ICTs for creative practice in drama : creating cyberdrama with young people in school contexts
Davis, Susan Elizabeth (2010) ICTs for creative practice in drama : creating cyberdrama with young people in school contexts. PhD thesis, Queensland University of Technology.
This study explores young people's creative practice through using Information and Communications Technologies (ICTs) - in one particular learning area - Drama. The study focuses on school-based contexts and the impact of ICT-based interventions within two drama education case studies. The first pilot study involved the use of online spaces to complement a co-curricula performance project. The second focus case was a curriculum-based project with online spaces and digital technologies being used to create a cyberdrama. Each case documents the activity systems, participant experiences and meaning making in specific institutional and technological contexts. The nature of creative practice and learning are analysed, using frameworks drawn from Vygotsky's socio-historical theory (including his work on creativity) and from activity theory. Case study analysis revealed the nature of contradictions encountered and these required an analysis of institutional constraints and the dynamics of power. Cyberdrama offers young people opportunities to explore drama through new modes and the use of ICTs can be seen as contributing different tools, spaces and communities for creative activity. To be able to engage in creative practice using ICTs requires a focus on a range of cultural tools and social practices beyond those of the purely technological. Cybernetic creative practice requires flexibility in the negotiation of tool use and subjects and a system that responds to feedback and can adapt. Classroom-based dramatic practice may allow for the negotiation of power and tool use in the development of collaborative works of the imagination. However, creative practice using ICTs in schools is typically restricted by authoritative power structures and access issues. The research identified participant engagement and meaning making emerging from different factors, with some students showing preferences for embodied creative practice in Drama that did not involve ICTs. The findings of the study suggest ICT-based interventions need to focus on different applications for the technology but also on embodied experience, the negotiation of power, identity and human interactions.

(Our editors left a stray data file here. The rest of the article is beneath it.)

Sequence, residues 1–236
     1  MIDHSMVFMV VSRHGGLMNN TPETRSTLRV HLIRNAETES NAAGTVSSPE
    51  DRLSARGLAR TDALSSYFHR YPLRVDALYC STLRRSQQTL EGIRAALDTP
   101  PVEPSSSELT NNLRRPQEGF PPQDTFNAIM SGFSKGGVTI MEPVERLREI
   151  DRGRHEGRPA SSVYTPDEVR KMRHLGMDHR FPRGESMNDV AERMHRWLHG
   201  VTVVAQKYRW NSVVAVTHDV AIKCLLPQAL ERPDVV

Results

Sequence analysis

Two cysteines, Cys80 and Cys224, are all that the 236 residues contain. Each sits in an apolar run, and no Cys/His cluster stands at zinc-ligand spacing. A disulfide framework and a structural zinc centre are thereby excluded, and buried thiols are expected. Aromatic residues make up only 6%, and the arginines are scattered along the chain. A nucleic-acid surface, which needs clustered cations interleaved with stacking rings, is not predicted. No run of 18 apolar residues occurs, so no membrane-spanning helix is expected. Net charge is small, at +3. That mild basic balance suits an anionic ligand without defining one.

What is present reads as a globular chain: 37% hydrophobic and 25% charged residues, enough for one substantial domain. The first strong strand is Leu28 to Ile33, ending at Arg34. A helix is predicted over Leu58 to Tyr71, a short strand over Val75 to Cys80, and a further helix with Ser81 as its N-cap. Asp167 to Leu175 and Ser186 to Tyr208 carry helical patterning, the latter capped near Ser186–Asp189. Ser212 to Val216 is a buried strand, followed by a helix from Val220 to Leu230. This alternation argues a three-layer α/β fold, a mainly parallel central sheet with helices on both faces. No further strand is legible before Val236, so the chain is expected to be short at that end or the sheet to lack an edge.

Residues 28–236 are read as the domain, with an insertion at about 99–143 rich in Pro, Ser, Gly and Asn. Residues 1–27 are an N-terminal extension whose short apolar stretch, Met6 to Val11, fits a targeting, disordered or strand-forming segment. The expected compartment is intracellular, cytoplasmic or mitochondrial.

Impact and interest:
Citation counts are sourced monthly from and citation databases.
These databases contain citations from different subsets of available publications and different time periods and thus the citation count from each is usually different. Some works are not in either database and no count is displayed. Scopus includes citations from articles published in 1996 onwards, and Web of Science® generally from 1980 onwards.
Citations counts from theindexing service can be viewed at the linked Google Scholar™ search.
Full-text downloads displays the total number of times this work’s files (e.g., a PDF) have been downloaded from QUT ePrints as well as the number of downloads in the previous 365 days. The count includes downloads for all files if a work has more than one.
|Item Type:||QUT Thesis (PhD)|
|Supervisor:||Gattenhof, Sandra & Luke, Allan|
|Keywords:||drama, creativity, creative practice, learning, digital technologies, ICTs, Vygotsky, activity theory, arts education, pedagogy, engagement, cybernetics|
|Divisions:||Past > Schools > Drama
Current > QUT Faculties and Divisions > Creative Industries Faculty
|Institution:||Queensland University of Technology|
|Deposited On:||15 Jul 2010 06:32|
|Last Modified:||28 Oct 2011 19:56|
Repository Staff Only: item control page